Limitation Periods – Demand Promissory Notes

July 8, 2015 Suzana Popovic-Montag Estate & Trust, General Interest, Passing of Accounts, TOPICS, Uncategorized Tags: , 0 Comments

It is not uncommon for people to lend money to others. Indeed, estate litigation can involve instances where one party alleges that another party owes money to the estate. However, if a party waits too long to commence a proceeding, they may be barred from doing so because the limitation period has expired. The law with regard to limitation periods for demand promissory notes (monies lent without security or repayment terms but payable on demand by the creditor) has undergone change, which can impact an estate’s claim for monies allegedly owed.

In January 1, 2004, the Limitations Act, 2002, (the “new Act”) came into force. Prior to this, the statutory limitation period on demand notes was six years. And the common law rule was that the claim was known (and the limitation period began to run) when the note was issued to the debtor. However, under the new Act, the basic limitation period was set at two years. Yet despite this reduced time, the new Act added language of discoverability—namely, that the limitation period did not begin to run until a claim was “discovered.”

In Hare v Hare, 2006 CanLII 41650 (ONCA), 83 OR (3d) 766, the Ontario Court of Appeal considered an instance where a demand promissory note was issued under the former statutory provisions but the proceedings were commenced when the new Act was in force. The court looked at the transition provisions in s 24 of the new Act and asked whether the language of discoverability found in the new Act (especially s 5) changed the date on which the limitation period began to run—from the date when the demand note was issued to the date when demand for payment was made. In other words, they asked, when is a claim for repayment of a demand note “discovered”?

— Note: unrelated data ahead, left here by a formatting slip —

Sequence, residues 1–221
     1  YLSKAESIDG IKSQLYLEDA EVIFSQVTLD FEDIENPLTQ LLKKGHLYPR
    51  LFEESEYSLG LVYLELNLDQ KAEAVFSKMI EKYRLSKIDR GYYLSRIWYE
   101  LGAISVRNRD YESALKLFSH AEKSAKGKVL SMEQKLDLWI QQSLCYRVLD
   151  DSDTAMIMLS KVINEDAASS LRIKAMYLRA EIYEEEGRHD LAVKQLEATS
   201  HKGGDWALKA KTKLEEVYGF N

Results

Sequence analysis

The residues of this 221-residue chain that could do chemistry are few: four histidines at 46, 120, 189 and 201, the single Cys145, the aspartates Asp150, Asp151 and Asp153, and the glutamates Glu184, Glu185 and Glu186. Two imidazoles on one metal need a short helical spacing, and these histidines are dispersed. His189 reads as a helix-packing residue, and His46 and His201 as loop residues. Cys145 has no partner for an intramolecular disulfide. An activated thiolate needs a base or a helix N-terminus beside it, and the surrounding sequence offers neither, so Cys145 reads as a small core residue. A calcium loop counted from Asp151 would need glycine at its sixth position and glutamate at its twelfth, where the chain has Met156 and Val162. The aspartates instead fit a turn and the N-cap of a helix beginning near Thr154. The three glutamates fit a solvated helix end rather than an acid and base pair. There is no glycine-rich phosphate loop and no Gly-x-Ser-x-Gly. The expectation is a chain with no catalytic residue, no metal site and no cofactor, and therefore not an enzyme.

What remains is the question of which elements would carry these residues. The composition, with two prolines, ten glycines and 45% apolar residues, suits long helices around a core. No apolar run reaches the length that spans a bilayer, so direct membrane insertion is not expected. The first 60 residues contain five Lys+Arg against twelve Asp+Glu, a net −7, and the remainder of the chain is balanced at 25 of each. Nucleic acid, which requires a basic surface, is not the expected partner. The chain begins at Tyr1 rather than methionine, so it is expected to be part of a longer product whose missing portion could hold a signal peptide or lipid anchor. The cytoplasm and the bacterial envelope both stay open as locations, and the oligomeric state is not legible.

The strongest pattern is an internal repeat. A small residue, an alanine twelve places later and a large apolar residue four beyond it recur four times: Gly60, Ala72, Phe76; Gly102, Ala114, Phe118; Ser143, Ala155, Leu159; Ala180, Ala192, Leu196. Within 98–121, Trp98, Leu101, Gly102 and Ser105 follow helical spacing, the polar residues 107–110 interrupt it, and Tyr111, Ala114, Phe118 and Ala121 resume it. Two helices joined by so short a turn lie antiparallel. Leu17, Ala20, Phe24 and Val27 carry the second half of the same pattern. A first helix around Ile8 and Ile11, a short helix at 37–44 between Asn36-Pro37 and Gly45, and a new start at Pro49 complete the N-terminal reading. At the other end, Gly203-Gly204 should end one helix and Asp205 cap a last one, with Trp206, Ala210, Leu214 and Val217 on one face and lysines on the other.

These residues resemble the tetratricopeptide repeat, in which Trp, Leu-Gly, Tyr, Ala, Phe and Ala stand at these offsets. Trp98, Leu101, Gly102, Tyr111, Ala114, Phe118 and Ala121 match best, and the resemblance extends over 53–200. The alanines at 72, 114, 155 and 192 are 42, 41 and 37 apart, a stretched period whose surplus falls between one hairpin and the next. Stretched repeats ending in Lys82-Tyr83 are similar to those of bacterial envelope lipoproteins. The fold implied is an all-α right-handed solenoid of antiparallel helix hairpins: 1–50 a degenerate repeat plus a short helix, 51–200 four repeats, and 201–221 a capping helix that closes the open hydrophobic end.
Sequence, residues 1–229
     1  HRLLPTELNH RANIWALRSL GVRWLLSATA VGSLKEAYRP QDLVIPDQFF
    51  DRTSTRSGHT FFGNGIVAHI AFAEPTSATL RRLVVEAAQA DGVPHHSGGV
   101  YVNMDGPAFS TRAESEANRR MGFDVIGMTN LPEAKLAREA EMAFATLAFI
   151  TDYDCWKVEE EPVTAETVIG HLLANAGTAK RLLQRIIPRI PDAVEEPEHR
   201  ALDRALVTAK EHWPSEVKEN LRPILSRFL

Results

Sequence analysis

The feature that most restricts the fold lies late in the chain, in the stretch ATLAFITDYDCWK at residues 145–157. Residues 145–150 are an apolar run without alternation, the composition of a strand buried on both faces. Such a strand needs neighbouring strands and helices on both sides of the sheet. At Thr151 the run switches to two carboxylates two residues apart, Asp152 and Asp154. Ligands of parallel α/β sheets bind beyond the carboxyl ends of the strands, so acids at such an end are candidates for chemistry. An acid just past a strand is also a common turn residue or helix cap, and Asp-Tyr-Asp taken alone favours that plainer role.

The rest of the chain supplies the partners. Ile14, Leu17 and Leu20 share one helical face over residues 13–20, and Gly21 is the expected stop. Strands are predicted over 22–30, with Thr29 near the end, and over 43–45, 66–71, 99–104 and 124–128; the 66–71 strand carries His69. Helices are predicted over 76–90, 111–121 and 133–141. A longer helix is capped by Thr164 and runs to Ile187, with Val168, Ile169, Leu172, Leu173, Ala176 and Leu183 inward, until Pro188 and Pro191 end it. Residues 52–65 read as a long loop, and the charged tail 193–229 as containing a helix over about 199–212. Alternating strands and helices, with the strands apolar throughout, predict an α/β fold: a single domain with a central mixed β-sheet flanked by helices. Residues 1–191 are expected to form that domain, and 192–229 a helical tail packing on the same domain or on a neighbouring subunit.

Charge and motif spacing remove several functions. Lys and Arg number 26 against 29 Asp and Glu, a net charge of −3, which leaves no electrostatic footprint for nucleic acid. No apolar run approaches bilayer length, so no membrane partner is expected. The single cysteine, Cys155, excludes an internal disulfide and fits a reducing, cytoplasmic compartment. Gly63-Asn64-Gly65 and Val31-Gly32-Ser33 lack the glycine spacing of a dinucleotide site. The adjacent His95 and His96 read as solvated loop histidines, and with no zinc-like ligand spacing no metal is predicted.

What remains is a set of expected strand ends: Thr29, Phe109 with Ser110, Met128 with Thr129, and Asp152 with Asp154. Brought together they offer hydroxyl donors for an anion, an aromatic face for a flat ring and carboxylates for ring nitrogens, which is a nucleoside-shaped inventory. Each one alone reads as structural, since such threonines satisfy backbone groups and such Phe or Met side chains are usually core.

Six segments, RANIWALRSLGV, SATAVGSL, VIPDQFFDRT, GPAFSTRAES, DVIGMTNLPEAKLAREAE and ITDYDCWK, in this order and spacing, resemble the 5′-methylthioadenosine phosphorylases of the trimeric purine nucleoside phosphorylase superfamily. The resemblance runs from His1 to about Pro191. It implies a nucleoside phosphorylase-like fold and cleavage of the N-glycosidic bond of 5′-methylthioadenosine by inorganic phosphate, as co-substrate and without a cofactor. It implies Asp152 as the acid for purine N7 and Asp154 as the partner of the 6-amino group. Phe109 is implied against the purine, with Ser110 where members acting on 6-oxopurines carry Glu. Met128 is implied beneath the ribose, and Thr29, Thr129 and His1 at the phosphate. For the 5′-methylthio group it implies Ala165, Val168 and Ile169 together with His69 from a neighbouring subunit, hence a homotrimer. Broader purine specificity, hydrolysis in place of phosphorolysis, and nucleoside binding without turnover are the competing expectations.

The Court of Appeal held—though for other reasons as well—that the language in the new Act did not expressly state that demand obligations were discovered when demand for payment was made. In the absence of express legislative intent, the court held that common law rule was not extinguished. The claim was said to be discovered when the demand note was issued not when the claimant demanded payment. The limitation period had expired.

However, on November 27, 2008, the Legislature amended the new Act by adding s 5(3) which expressly provides that the two year limitation period for commencing proceedings with regard to payment for demand notes does not begin to run  until “there is a failure to perform the obligation, once a demand for the performance is made.”

There have been and may continue to be interpretative questions with regard to the transition provisions (s 24) in the new Act (for demand notes issued prior to January 1, 2004). And there may be questions with regard to the application of s 5(3) to demand notes issued prior to November 27, 2006. But going forward, there should be less confusion with regard to this matter.

Thank you for reading.

Suzana Popovic-Montag

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